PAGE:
Core Training Myths: The truth about core training in fitness and sports

Around the turn of the century, a new buzzword began to circulate among experts in the fitness and sports industry–“Core” was the buzzword and a new revolution was born in sports and fitness training.  Article after article appeared in journals and magazines touting the core as the area we need to focus on the most to lead healthier, “pain-free” lives.  The media picked up on the buzzword.  With so much exposure, just about every issue or injury from low back pain to poor sports performance, which we had previously attributed to other issues, were now believed to be miraculously cured by targeting the core.

In the 1990’s, the industry claimed low back pain was primarily affected by the hamstrings. Today, the industry and the media blame back pain and everything else on a weak core.  This was and is 100% incorrect.  Back pain can be caused by any one of hundreds functional issues.  Experts in sports training, fitness, and even physical medicine (yes this includes highly respected doctors) also blamed many injuries and poor sports performances on poor core strength.  With so much exposure and demand for improvement,  every “fitness and medical expert” began creating exercises and programs targeting the core.  The physical ailments and sports performances people seek to improve are also affected by many factors including learned behaviors or techniques which create imbalances (but that’s another post all to itself).

It is my belief that because the hundreds of thousands of professionals who work with people on their sports, fitness, and health goals placed too much emphasis on this one particular area of the body, we are now seeing the results of the failure of the industry to properly educate consumers on how to truly balance their bodies and lead a healthy lifestyle.

Many experts, and as a result, fitness seekers and athletes all around the world have over done it with “core training”.  It was believed by some “so-called experts” that almost every problem in the body stemmed from weak core muscles.  And according to those experts, if you could just strengthen your core all your problems would be solved and fitness goals attained.

Well… I call BS!.  And over the next 1,000 words or so, I intend to explain why.

The body is divided into three planes. Sagittal, Coronal, and Transverse.

The “core muscles” and what it takes to train them has begun to cause an epidemic that needs to be undone.  Why is it that while the industry has focused on the “core”, the number of people suffering from back pain around the world has increased. In addition, we have seen a rise in other “core related” injuries?

The “core muscles” have been incorrectly identified by the average person.   In fact, I’ve searched the web, and most experts define the core as the abdominal and lower back muscles.  Most people believe the core can be trained by performance exercises on a stability ball; adding resistance to abdominal exercises; and by performing numerous other activities we now call functional training.  In truth, the core muscles are made up of all the muscles which meet in the center of the body’s planes.

In reality, the best way to define the “core muscles is “all muscles which affect the position of the pelvis”. This includes muscles originating and inserting at the pelvis and all of those muscles which affect pelvis position.  This also includes some muscles of the lower body which are neglected when “training the core”.  The pelvis moves in multiple directions and is essentially the first indicator of true stability (which is what we are trying to accomplish with “core training”).  Now keep in mind, pelvis movements can be and are affected by movements of all the segments and muscles around it. This means, the core is affected by both feet, both legs, the spine, and the arms (because the arms are attached to the spine via the trunk).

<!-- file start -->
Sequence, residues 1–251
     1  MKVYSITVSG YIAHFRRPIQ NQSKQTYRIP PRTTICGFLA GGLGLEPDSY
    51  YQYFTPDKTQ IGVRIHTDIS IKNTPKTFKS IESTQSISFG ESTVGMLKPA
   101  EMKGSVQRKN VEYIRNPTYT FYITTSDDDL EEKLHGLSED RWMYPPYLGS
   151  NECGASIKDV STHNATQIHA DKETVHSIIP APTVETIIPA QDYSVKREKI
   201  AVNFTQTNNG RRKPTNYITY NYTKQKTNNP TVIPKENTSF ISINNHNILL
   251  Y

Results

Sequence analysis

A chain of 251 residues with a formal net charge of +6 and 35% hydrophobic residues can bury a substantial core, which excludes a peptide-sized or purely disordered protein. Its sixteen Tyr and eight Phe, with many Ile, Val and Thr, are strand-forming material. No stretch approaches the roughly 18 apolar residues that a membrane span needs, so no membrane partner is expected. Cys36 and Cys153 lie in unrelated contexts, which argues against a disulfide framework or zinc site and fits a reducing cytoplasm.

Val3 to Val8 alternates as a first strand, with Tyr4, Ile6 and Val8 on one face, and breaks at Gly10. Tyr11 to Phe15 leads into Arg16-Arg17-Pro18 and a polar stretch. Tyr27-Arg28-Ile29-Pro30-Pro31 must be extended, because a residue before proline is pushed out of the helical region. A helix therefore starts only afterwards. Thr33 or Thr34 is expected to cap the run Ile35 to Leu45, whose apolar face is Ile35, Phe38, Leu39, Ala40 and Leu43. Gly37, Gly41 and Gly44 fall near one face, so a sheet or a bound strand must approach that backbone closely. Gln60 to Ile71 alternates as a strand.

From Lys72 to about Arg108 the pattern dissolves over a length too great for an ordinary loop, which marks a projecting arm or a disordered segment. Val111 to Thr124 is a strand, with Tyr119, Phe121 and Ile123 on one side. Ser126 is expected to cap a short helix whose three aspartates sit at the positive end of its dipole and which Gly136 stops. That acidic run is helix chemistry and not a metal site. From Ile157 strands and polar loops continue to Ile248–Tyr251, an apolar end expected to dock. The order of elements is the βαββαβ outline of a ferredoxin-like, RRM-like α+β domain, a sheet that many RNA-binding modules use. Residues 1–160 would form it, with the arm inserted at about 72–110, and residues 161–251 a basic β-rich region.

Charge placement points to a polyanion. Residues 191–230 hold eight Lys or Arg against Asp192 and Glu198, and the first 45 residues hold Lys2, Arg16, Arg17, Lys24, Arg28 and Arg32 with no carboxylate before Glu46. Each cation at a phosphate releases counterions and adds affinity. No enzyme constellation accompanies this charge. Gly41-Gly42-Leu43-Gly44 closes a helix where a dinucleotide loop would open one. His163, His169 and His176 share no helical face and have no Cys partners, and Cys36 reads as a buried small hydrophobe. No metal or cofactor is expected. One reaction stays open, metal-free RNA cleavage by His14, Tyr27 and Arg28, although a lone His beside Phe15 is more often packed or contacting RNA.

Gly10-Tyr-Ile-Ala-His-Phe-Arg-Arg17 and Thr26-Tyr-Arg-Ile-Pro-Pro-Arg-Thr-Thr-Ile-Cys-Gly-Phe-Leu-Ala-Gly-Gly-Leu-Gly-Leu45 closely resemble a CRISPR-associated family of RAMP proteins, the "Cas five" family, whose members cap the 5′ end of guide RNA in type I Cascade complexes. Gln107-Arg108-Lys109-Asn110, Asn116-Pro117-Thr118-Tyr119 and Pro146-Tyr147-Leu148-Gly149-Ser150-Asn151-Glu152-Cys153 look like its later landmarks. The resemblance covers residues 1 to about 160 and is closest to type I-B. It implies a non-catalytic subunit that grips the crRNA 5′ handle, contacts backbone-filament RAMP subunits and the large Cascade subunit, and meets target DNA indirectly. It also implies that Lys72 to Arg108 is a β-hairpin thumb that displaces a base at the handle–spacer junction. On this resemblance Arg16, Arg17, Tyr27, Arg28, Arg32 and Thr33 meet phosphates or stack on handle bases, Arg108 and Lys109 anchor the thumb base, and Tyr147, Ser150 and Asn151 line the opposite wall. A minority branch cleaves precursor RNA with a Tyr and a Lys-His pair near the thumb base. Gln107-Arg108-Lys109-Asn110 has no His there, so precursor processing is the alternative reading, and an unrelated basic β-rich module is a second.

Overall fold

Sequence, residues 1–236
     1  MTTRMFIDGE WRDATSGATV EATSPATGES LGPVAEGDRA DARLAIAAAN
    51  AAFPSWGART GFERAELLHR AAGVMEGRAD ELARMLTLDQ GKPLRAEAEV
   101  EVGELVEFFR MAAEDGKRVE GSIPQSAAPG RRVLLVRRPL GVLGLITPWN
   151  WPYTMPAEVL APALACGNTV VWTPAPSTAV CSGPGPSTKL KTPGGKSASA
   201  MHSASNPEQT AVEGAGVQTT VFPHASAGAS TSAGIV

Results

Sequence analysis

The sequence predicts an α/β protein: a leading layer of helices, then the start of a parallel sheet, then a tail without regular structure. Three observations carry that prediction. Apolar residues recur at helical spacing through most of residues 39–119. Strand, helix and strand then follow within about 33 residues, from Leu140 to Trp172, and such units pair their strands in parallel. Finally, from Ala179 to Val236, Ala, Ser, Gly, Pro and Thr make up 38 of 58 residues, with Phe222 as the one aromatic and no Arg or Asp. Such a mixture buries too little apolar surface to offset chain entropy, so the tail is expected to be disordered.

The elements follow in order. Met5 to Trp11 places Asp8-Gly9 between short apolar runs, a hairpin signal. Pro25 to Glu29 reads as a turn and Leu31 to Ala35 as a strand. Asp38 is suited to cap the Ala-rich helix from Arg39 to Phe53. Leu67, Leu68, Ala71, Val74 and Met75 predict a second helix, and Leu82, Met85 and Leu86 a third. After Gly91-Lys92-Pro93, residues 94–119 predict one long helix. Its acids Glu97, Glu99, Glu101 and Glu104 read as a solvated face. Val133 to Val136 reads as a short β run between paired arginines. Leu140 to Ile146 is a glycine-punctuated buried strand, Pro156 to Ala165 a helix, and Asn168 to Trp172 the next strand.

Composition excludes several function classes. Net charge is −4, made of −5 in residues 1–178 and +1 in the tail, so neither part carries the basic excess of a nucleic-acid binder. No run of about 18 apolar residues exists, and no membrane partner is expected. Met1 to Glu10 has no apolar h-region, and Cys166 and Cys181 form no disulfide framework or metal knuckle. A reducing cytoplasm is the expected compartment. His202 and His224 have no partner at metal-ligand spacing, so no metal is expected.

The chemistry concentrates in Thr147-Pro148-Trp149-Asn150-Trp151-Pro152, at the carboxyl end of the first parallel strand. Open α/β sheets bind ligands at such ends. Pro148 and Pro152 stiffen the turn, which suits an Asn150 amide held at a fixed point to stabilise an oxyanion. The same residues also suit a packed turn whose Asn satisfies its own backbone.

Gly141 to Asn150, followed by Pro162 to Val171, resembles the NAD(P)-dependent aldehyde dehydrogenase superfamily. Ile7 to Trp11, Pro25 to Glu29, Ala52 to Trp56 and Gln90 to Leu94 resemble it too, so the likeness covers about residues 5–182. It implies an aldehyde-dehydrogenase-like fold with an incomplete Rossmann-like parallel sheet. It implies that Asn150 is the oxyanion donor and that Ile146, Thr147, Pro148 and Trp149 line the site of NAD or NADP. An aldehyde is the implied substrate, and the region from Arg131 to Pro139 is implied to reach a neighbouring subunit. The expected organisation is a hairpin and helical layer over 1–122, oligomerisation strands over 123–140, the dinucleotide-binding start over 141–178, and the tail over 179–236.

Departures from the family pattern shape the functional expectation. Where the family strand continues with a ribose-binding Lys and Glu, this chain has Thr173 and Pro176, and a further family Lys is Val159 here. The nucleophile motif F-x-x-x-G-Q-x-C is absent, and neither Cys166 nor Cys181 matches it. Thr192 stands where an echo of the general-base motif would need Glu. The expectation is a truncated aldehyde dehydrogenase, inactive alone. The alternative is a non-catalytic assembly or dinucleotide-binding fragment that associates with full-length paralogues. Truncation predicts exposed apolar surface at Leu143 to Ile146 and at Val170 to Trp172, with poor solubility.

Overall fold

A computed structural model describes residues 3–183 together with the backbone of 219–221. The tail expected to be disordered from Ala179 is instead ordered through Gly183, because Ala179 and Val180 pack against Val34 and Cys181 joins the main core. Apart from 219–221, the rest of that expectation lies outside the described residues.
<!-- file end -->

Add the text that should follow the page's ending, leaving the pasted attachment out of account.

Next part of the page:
The ideal pelvis forward tilt is 7 and 10 degrees in men and women. some experts would say that a desirable forward pelvic tilt is 0-5 degrees in men and 7-10 degrees in women.  Those are desired averages, but we are not striving for average, we should be working towards ideal.  Based upon my research of thousands of people from all walks of life, the actual average is greater than 17-20 degrees of forward pelvic tilt. This is more than twice the ideal.  And the majority of participants in my research are athletes who supposedly have the best fitness levels and training.

While I do want to make it clear that training the core is important, I want to clarify that “core muscles” previously targeted through isolation and functional training are no less important than any other muscle in our body. In fact, what has happened as a result of the over emphasis on the core muscles is the following:

1) Any muscle when focused on as the muscle group to target can be OVER-trained and as a result, OVER developed.

2) Any muscle group when targeted can be exercised improperly, negating any real benefits that would have been gained had the exercises been

performed properly.

3) Compensation injuries can occur as a result of over-training or over emphasizing any muscle group.

In truth the core is the center of the body where forces cross the mid-point of the body splitting the into multiple planes.

For simplicity, the body is split into halves from upper body to lower body (Transverse plane); Front side to back side (Coronal Plane); and left side to right side (Sagittal plane).  In order for the body to become balanced, exercises must target all areas of the planes in some cases through multi-planar exercises (Functional and rotational movements in all directions).

The X-Plane divides the body diagonally from left hand to right foot and from right hand to left foot.

One aspect of multi-planar training that is rarely taken into consideration is the fact that in an effort to seek balance, those planes are affected by work that is done diagonally from left to right and right to left, from upper body to lower body.  What does that mean?  The body is divided into the three (but really four) planes. However, the left arm does its job in conjunction with the right leg.  The right arm, works with the left leg.  So the new, “X-Plane” has to be trained as well.

A muscle is over trained and over developed when it is targeted more than its opposing muscle group (in all planes).  If I only work on my right bicep and not my left, its obvious that my right arm would be stronger, more dense, and heavier than my left when doing activities that require both arms.  If we spend time isolating the low back and abdominal (which the average person defines as the core), we end up with abs/low back that are significantly stronger than our feet, lower leg muscles, glutes, hamstrings, possibly even quads.